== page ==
Rupert, thanks for the advice. I had thought about doing a butt joint with backing piece but had decided against it. Assuming I can get the boat fixed, then I want to add a small false floor over the area that takes the helms traffic so as to spread the load accross the hull. This will obviously add some weight so I didn't want to add yet further by putting backing ply behind a butt repair. The false floor may seem excessive but many wooden Phantoms seem to have a weakness in the floor so hopefully it will help extend the life of the boat. The false floor will mainly be supported on the hog and the stringers in the floor and will only be screwed in place so it can easily be removed if necessary.
Rich

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jpa_wfsc
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Post by jpa_wfsc » Wed Jun 13, 2007 7:36 am

I dont think the fals floor will add much stiffness unless it is epoxied on - and is more than an inch or two off the floor.

From what I have seen the double bottom Phantoms are built using thinner ply than the Mk1 phantom, to stay down to weight. You can get stiffness by using thicker ply or by using geometric structures - doing both will be very heavy!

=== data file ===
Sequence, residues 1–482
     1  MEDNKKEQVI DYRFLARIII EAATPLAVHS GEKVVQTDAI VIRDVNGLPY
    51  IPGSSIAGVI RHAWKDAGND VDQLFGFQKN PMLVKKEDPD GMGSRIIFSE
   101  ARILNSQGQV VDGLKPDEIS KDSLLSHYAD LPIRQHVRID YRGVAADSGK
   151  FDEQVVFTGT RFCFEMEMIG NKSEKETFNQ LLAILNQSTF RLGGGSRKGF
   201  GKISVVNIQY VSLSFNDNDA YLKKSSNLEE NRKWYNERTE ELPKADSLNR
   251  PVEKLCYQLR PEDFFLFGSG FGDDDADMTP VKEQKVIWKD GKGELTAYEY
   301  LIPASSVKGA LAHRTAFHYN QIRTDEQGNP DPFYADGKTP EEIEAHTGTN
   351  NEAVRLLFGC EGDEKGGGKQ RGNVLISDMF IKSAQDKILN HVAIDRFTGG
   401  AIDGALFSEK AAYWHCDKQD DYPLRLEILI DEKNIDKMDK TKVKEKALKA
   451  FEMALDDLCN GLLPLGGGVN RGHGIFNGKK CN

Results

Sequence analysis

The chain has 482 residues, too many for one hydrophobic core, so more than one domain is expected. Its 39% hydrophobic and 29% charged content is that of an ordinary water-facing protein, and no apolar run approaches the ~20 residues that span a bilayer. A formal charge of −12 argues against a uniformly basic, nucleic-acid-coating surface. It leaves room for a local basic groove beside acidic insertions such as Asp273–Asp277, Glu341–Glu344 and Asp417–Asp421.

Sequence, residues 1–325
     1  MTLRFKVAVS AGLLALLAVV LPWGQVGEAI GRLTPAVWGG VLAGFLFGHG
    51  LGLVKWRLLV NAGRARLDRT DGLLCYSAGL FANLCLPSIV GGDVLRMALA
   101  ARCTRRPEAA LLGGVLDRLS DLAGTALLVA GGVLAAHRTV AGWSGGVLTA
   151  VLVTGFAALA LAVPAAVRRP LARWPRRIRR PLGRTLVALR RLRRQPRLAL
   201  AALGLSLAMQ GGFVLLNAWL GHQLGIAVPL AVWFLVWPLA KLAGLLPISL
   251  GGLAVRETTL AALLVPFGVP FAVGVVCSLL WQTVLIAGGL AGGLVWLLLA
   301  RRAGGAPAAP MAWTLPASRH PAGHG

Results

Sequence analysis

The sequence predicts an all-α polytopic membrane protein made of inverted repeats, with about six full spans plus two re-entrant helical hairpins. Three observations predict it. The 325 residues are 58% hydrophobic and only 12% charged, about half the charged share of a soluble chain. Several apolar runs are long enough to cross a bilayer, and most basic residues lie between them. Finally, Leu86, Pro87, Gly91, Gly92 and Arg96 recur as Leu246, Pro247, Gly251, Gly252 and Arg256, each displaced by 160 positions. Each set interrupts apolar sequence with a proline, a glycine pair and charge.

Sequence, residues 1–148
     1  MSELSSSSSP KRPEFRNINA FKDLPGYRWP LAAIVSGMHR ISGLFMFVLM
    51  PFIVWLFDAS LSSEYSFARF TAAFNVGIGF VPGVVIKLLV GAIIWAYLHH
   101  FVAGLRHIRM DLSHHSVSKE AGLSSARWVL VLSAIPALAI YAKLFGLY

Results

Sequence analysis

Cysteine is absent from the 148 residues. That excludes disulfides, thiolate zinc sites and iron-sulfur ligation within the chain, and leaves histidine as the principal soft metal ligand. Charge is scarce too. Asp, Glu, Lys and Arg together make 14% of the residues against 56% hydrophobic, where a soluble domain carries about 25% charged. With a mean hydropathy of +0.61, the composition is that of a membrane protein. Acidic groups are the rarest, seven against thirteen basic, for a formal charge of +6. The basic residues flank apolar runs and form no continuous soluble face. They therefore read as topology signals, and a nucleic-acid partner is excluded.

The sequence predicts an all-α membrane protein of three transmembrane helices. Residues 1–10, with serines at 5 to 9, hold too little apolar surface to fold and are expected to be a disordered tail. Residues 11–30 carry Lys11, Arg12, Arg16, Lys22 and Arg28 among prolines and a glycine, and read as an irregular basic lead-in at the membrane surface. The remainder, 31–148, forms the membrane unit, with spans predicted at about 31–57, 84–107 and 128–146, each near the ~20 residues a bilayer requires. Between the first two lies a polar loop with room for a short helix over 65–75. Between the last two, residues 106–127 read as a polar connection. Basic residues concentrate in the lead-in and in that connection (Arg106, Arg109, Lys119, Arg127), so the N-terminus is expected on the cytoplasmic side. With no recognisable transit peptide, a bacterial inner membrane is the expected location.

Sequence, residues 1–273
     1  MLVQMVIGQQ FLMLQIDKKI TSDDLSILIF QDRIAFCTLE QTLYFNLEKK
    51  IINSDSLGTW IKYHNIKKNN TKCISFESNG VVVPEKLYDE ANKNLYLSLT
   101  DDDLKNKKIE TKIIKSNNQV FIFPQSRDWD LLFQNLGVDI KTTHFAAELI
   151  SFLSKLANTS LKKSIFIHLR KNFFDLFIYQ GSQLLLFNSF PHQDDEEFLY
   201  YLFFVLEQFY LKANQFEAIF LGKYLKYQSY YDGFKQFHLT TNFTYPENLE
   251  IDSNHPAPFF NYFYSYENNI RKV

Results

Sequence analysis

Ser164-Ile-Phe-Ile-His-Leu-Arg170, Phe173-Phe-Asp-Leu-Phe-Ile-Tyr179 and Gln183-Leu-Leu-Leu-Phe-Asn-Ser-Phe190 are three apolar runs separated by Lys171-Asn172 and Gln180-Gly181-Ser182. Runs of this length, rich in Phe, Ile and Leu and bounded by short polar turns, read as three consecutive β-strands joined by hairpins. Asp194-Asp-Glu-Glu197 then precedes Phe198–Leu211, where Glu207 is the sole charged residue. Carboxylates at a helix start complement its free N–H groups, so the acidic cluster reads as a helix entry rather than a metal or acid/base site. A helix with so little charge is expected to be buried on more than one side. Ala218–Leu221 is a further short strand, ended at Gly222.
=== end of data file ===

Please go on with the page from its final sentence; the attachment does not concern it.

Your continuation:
I used to sail a Phantom which was built by a club member at WSC. This had floors repaired once by scarphing in patches and the second time by cutting the entire floor out using a jig saw 2 inch from the tanks and hog, and scarphing a new floor in. Replacing phantom floors seems to be routine maintenance, not repair work - it is a big unsupported area and we phantom sailors tend to be built such that floor loadings are quite high!
j./

National 12 "Spider" 2523
Finn K468 'Captain Scarlet'

British Moth, 630, early 60's 'Pisces'

!!!! Not CVRDA !!!!
Comet Trio - something always ready to sail.